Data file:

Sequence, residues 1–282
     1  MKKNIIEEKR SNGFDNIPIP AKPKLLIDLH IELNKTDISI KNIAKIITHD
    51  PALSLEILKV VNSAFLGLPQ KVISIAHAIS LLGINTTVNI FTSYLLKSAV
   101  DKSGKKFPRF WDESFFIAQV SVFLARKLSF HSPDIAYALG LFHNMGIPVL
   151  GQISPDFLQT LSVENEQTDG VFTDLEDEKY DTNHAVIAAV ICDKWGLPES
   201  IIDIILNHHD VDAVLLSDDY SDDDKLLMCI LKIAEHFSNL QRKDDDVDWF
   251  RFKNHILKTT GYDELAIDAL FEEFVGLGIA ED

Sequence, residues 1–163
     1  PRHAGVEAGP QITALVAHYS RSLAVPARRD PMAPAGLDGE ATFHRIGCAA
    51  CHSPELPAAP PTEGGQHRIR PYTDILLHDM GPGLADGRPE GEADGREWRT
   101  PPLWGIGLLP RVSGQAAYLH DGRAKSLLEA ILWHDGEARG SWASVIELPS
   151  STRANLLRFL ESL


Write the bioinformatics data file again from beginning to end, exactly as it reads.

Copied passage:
Sequence, residues 1–282
     1  MKKNIIEEKR SNGFDNIPIP AKPKLLIDLH IELNKTDISI KNIAKIITHD
    51  PALSLEILKV VNSAFLGLPQ KVISIAHAIS LLGINTTVNI FTSYLLKSAV
   101  DKSGKKFPRF WDESFFIAQV SVFLARKLSF HSPDIAYALG LFHNMGIPVL
   151  GQISPDFLQT LSVENEQTDG VFTDLEDEKY DTNHAVIAAV ICDKWGLPES
   201  IIDIILNHHD VDAVLLSDDY SDDDKLLMCI LKIAEHFSNL QRKDDDVDWF
   251  RFKNHILKTT GYDELAIDAL FEEFVGLGIA ED

Sequence, residues 1–163
     1  PRHAGVEAGP QITALVAHYS RSLAVPARRD PMAPAGLDGE ATFHRIGCAA
    51  CHSPELPAAP PTEGGQHRIR PYTDILLHDM GPGLADGRPE GEADGREWRT
   101  PPLWGIGLLP RVSGQAAYLH DGRAKSLLEA ILWHDGEARG SWASVIELPS
   151  STRANLLRFL ESL